U.K. solar-power developer Hive Energy aims to help build DEWA complex

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Hive Energy, one of the United Kingdom’s leading solar-power developers, recently opened its first international office in Dubai.

The company's first representative office outside of the U.K. has submitted their expression of interest to participate in the building of the Dubai Electricity and Water Authority's (DEWA) 1,000-megawatt Al Maktoum Solar Park, just south of Dubai, and plans to begin solar rooftop projects in the Emirate.

“We are very committed to the region,” Colin Loubser, Hive's Middle East, Africa and Indian Ocean Islands director, said. “We just see huge opportunity. There’s a huge amount of solar-energy projects that are being put out into tender from places like Jordan and Saudi Arabia, as well as the UAE."

In January, at the World Future Energy Summit, DEWA tripled its clean-energy target for 2030 and said it will source 15 percent from renewable energy, a large portion of which is solar. By 2020, it expects renewable energy to account for 7 percent of the power grid, a 6  percent hike, and companies such as Hive Energy are poised to assist with these goals.

Loubser said Hive Energy also aims to build 20 acres of solar rooftops in Dubai's industrial areas, which will produce 5 megawatts and can power up to 6,000 homes. The team will target industrial sites and is in talks with private enterprises that are part of large city projects in the UAE. While they also have big plans for countries such as Saudi Arabia, the UAE’s government regulations facilitate the development and implementation of solar projects, making them a more attractive market in the short term.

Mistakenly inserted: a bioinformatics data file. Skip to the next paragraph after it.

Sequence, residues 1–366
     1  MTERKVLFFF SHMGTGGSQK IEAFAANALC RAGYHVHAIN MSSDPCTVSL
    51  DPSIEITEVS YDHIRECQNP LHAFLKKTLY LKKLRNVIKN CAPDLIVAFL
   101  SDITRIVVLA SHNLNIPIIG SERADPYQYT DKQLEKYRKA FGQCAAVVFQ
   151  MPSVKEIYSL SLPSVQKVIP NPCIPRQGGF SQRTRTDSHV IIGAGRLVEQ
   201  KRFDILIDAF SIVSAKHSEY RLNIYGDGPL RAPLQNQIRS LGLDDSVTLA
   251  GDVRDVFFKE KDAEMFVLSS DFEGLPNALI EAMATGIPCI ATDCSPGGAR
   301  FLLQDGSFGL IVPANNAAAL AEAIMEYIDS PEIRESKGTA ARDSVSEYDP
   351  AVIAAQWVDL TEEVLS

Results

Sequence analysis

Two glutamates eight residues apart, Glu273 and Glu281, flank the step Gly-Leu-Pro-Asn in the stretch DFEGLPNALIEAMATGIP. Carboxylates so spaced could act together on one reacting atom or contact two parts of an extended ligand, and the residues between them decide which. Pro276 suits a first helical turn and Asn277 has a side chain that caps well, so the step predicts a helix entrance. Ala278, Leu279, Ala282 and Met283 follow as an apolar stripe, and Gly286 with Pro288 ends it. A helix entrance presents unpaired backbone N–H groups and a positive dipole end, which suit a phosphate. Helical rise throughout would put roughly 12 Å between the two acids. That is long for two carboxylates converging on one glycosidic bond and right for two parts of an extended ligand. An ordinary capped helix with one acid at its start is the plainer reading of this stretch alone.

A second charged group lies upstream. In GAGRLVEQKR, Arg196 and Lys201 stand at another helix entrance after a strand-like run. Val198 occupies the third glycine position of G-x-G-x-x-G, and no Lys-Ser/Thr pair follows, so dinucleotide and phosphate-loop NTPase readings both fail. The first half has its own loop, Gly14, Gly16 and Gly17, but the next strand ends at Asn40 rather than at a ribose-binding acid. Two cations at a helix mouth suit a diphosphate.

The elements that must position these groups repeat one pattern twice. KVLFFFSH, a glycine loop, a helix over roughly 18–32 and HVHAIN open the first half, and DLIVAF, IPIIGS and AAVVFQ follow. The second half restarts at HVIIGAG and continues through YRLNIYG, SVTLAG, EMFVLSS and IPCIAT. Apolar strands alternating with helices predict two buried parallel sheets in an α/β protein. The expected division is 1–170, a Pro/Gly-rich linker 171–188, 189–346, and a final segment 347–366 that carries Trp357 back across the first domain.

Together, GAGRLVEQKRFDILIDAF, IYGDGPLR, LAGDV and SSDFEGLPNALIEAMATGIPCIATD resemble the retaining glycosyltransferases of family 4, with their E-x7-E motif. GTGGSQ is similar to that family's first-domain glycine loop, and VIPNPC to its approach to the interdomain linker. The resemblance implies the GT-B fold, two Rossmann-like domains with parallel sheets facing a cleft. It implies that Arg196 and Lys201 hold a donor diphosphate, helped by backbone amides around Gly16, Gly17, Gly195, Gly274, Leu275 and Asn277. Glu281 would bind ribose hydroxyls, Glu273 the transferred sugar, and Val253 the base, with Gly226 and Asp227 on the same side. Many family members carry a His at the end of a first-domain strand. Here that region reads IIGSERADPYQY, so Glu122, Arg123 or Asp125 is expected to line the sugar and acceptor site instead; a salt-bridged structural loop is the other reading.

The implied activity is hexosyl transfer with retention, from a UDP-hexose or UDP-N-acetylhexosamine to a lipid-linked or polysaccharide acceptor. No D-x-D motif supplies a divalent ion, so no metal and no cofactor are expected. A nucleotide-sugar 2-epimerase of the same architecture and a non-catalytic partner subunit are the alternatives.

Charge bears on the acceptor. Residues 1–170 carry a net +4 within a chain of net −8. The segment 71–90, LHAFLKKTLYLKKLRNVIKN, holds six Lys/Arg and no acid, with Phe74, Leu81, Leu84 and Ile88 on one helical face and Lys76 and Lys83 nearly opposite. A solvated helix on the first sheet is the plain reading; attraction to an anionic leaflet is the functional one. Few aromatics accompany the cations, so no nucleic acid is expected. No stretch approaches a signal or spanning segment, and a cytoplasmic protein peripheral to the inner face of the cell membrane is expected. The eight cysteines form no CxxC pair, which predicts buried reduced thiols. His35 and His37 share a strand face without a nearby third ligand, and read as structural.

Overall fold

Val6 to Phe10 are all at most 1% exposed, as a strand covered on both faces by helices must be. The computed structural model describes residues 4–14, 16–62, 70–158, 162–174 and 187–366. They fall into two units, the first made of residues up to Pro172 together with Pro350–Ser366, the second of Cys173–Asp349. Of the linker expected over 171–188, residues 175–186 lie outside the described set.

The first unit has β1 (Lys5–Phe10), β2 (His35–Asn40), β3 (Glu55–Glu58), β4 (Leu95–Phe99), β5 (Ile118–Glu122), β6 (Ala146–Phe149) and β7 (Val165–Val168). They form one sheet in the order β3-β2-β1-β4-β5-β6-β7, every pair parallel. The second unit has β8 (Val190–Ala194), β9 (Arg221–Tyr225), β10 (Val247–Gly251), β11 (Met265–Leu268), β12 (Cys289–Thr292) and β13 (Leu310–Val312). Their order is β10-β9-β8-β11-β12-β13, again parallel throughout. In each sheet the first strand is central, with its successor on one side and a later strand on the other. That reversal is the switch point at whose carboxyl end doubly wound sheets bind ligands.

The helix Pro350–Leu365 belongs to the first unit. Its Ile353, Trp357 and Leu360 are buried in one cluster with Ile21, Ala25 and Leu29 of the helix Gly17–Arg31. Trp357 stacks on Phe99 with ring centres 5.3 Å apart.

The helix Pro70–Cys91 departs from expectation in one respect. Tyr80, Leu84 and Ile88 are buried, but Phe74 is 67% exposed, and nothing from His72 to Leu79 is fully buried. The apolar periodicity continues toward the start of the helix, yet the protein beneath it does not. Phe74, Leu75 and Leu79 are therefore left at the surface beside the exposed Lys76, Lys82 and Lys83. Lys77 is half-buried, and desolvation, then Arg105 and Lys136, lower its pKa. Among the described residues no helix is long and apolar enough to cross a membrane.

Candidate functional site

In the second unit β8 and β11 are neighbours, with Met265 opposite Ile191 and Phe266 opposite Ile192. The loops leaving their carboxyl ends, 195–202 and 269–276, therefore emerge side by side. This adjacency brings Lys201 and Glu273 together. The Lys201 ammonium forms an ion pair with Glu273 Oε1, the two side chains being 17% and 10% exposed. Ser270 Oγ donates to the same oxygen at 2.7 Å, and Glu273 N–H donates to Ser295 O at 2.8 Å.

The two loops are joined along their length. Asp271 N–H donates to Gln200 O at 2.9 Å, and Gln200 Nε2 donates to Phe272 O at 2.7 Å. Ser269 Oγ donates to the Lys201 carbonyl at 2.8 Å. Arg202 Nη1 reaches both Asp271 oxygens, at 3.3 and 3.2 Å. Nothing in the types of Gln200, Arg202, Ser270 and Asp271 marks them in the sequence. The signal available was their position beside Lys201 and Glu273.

“Some countries will allow you to export to the grid,” Loubser said. “Other countries will have problems because the municipality controls the power for the rooftop developments. UAE has the most positive environment at the moment for us, based on our studies.”

Many Gulf Cooperation Council (GCC) governments, such as Saudi Arabia, continue to grapple with solar-energy regulations to achieve set solar goals.

However, the team will look outside of the region as Hive Energy stretches its international expansion into Africa and remote parts of Asia from its new Dubai office. Loubser and his team are looking into a 300-megawatt project in Tanzania and a 90-megawatt project in the Democratic Republic of Congo (DRC) through mining businesses. They are even looking at projects for independent power suppliers in remote areas of Pakistan.

With the current global expansion, it only seemed natural for Hive to open an office in one of the world’s largest travel hubs.

“We have almost 1.2 million gigawatts of projects outside the U.K., “ Loubser said. “Dubai is the easiest place to get there from. It has the best flight connections, so it made sense for us to locate there.”